Sports Media

Jeff Passan

(John Minchillo/AP Photo)

Craig Carton Calls Out Jeff Passan Over Handling of Jared Porter Story

Jeff Passan
(John Minchillo/AP Photo)

Earlier this week, ESPN broke the story that ex-New York Mets general manager Jared Porter continuously sexually harassed a foreign female reporter back in 2017. Porter was fired by the Mets almost immediately after the news broke. The ESPN report was co-authored by Jeff Passan and Mina Kimes.

Beyond the bombshell report, things get even more interesting. Craig Carton, a radio host for WFAN in New York, called out Passan for his poor handling of the Porter story. The rant is available below:

I would recommend watching the full video, but here’s an important excerpt:

But don’t claim to care about how the victim was mistreated by Jared Porter, when, if you found out two weeks ago, you didn’t say a damn word about it.

Whenever it is that you found out, you sat on it. A day, three days, five days. And potentially, more women were put in harms way because you wanted to break a story.

Worry about guys getting traded and how much their contracts are for. Stop trying to pretend you’re out here to save the world and make the workplace safer for women. Guess what? Guess what Jeffrey Passan did?

By not telling the New York Mets, the minute he found out, that they have employed a predator, he failed every single woman that works for the New York Met organization.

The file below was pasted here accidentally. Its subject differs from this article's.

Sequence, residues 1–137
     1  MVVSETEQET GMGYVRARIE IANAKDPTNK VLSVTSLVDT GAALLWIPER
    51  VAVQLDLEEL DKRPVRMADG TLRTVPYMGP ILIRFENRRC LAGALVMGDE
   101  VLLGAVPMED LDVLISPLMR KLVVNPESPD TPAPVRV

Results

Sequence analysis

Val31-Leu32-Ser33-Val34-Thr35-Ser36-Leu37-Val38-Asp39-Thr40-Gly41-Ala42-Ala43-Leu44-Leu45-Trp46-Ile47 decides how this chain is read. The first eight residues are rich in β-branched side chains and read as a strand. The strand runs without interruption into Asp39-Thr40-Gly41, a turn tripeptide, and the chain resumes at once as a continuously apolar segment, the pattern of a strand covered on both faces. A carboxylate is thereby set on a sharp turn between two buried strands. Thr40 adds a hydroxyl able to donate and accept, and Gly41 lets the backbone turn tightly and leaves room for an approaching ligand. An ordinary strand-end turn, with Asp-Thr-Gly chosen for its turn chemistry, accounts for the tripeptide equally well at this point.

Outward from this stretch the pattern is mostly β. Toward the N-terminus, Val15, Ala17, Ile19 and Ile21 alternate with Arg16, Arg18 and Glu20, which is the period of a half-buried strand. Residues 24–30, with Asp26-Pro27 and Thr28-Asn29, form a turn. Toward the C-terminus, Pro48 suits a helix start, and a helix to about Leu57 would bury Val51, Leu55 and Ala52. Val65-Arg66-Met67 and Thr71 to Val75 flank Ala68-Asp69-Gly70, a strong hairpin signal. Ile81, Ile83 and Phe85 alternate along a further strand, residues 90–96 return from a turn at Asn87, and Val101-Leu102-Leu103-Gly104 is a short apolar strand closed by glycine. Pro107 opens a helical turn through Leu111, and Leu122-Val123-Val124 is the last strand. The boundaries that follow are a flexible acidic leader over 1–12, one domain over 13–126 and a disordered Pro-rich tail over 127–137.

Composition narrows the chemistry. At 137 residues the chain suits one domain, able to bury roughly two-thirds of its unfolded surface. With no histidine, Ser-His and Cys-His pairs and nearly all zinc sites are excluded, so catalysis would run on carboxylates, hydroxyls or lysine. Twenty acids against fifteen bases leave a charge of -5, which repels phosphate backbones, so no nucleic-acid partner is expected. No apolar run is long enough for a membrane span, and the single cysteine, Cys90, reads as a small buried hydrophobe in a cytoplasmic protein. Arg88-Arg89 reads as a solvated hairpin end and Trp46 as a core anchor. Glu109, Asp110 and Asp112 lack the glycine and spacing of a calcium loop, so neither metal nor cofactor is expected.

Craig Carton, “Carton and Roberts”, WFAN

On December 12, Jeff Passan put out two tweets endorsing the New York Mets’ hiring of Jared Porter:

The Problem: Two Scenarios

The problem here, as Carton brought up, is that there are only two possible scenarios:

  1. Passan knew about Jared Porter’s misconduct as early as 2017. ESPN decided to sit on the story until Porter was elevated to a higher position so the report would get more buzz.
  2. Passan, as he claims, did not know about Porter’s misconduct until recently. Instead, he jumped onto Mina Kimes’ story, essentially marginalizing the work of a female coworker.

Let’s roll with the first scenario. Passan claims he did not know about the misconduct and that it was not his story. He did not work for ESPN until 2018. That raises the question of why Passan is now taking credit for breaking the news. Taking credit implies that he did know about the misconduct and just chose to sit on it until the story was big enough to release.

In the second scenario, Passan is telling the truth. However, his taking credit for the story is essentially stealing the work of Mina Kimes, who has worked on this scoop (gathering sources/information, etc.) since 2017. By his own admission, he did none of the initial reporting of the story, so why is he taking it over now?

Passan appeared on ESPN’s “The Michael Kay Show,” blasting WFAN for what he referred to as “irresponsible garbage”:

Passan says the story was not released until the primary source, the anonymous female reporter, was ready for it to be released. This is an important comment to make, except it still doesn’t solve the problem of Scenario 2. Either way, it’s a bad look.

While stories like the Jared Porter story are very difficult to handle properly, the importance of doing so is paramount.


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